Edinburgh International Film Festival

Land of the Dead (2005)

Starring: Simon Baker, Dennis Hopper, Asia Argento, John Leguizamo, Robert Joy, Eugene A Clark

Directed by: George A Romero

Rating: 1 2 3 4

George A Romero directs Land of the Dead

In 1968, George A Romero changed the face of horror films forever with his coruscating attack on American family values and social structures, Night of the Living Dead. Ten years later, he returned with another snapshot of a sick society, Dawn of the Dead, in which mindless zombies shamble around a vast shopping mall, the power of consumerism their motivating force even in death.

In 1985, Day of the Dead saw soldiers and scientists clash in an underground bunker, the former hell bent on destroying the undead that besiege them, the latter determined to discover why the dead are rising up against them.

And in the '90s. oh. Due to, well, not really getting round to it, it would appear, there was no 'Dead' film in the '90s. But now George A Romero is back, back, back. and so are the living dead.

In the 20 years that he's been absent from the undead scene, zombies have moved on. Out of favour during the late '80s and '90s, the 21st century saw them return with a vengeance. In Danny Boyle's 28 Days Later, they learnt to run (so wrong, but never mind), a talent they retained in Zack Snyder's high octane, MTV style remake of Dawn of the Dead in 2004. So where, one wonders, could Romero possibly take us now? Zombies that can swim? Er, don't joke.

Dennis Hopper as ruthless entrepreneur Kaufman in George A Romero's Land of the Dead

In an unmissable parody of post 9/11 Republican insularity, Land of the Dead sees an America that has battened down the hatches. Under the control of ruthless entrepreneur Kaufman (a cross between Lex Luther and George Bush, played by Dennis Hopper in remarkably restrained mode), the living are corralled behind high security barriers guarded by heavily armed soldiers, while the dead (looking particularly decaying and grim, you'll be pleased to hear) roam aimlessly outside.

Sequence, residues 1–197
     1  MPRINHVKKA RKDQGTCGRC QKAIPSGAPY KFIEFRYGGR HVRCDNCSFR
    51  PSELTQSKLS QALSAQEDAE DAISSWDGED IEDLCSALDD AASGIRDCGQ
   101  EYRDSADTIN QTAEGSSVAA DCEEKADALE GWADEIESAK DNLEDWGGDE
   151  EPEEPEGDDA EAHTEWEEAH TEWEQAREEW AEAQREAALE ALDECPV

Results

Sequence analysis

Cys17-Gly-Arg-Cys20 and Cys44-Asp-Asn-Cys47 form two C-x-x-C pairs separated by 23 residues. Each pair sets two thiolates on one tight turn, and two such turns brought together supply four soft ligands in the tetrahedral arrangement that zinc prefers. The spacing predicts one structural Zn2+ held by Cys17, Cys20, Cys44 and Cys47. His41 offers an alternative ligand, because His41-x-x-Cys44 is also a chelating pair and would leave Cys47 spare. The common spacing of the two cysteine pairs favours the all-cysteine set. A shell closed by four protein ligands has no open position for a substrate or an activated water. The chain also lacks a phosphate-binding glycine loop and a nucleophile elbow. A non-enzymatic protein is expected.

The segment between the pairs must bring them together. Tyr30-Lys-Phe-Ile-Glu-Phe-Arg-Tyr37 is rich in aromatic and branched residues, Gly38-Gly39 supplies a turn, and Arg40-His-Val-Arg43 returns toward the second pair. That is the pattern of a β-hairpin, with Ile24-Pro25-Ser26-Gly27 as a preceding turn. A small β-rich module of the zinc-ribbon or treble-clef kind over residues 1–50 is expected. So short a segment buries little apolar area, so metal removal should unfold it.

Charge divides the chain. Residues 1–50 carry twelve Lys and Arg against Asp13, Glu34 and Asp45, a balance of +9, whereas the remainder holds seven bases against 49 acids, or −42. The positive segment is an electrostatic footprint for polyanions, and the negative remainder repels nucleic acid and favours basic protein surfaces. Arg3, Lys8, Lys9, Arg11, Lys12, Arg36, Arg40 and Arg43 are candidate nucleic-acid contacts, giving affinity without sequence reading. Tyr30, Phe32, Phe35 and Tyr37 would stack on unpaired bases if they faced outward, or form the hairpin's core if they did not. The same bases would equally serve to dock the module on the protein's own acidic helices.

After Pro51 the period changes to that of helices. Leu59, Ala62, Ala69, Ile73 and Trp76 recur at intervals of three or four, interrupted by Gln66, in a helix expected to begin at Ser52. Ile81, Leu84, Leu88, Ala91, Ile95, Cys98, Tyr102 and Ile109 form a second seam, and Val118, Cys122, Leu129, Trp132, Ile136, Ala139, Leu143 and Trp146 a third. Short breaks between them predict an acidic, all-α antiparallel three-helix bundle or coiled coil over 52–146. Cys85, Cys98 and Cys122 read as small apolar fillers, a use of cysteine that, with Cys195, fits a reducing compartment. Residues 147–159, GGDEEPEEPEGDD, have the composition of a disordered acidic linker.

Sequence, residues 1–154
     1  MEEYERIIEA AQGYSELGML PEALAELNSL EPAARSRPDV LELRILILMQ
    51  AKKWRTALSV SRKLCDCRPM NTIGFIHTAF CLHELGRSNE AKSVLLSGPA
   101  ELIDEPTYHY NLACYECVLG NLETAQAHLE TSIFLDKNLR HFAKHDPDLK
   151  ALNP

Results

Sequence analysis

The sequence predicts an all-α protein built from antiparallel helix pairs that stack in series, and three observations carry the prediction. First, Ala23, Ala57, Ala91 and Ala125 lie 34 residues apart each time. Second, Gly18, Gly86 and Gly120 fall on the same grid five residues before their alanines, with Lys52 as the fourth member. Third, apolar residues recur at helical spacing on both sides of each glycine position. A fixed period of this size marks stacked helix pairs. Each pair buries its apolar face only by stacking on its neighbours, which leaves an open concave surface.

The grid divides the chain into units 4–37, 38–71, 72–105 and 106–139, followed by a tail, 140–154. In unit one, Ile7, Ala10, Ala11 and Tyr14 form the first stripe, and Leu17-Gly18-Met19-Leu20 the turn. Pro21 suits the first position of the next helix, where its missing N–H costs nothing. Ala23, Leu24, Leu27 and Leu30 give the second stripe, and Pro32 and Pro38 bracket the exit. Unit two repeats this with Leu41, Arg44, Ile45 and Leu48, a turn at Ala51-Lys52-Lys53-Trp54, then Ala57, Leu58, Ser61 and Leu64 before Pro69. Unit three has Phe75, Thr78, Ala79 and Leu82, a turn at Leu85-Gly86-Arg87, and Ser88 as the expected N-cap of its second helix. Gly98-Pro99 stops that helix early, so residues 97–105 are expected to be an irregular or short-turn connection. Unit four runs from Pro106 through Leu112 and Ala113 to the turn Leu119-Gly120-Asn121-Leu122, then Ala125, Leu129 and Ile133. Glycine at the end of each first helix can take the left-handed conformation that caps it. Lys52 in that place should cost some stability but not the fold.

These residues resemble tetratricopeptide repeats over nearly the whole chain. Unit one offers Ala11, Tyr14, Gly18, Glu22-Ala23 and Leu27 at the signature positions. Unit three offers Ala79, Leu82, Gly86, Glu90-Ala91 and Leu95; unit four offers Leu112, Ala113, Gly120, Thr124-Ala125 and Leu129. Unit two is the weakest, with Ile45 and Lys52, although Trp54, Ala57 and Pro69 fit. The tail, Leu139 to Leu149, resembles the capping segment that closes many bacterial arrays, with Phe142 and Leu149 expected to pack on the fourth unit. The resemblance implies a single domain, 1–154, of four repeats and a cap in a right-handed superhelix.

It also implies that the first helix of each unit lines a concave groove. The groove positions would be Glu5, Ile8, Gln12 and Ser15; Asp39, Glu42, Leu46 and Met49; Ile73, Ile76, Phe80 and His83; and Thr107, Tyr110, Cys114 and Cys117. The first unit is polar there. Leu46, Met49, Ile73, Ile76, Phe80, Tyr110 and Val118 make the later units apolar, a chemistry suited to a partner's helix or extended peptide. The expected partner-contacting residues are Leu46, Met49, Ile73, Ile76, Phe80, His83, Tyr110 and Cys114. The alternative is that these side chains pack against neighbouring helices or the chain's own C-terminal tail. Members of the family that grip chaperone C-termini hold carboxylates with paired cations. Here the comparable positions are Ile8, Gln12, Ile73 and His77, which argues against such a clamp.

Yet within the relative safety of the city of the living, the gulf between the haves and the have-nots gapes wider than ever, the rich sitting pretty in luxury penthouses whilst the poor live hand to mouth on the streets. In a nice nod to Shaun of the Dead, underground entertainment includes zombie paintball, betting on zombie fights and getting one's photo taken next to two gruesome undead specimens - Simon Pegg and Edgar Wright, no less.

Simon Baker as Riley in George A Romero's Land of the Dead

Led by our hero, Riley (Ring 2's Simon Baker), crack teams of hunters are sent out by night to forage for supplies in the abandoned towns and cities nearby. Riding jeeps, motorbikes and a monster truck called Dead Reckoning and armed to the teeth with some serious weaponry, they ooze that Mad Max/Lost Boys cool I find so irresistible as they roar around the countryside in search of supermarkets to raid and zombies to decapitate.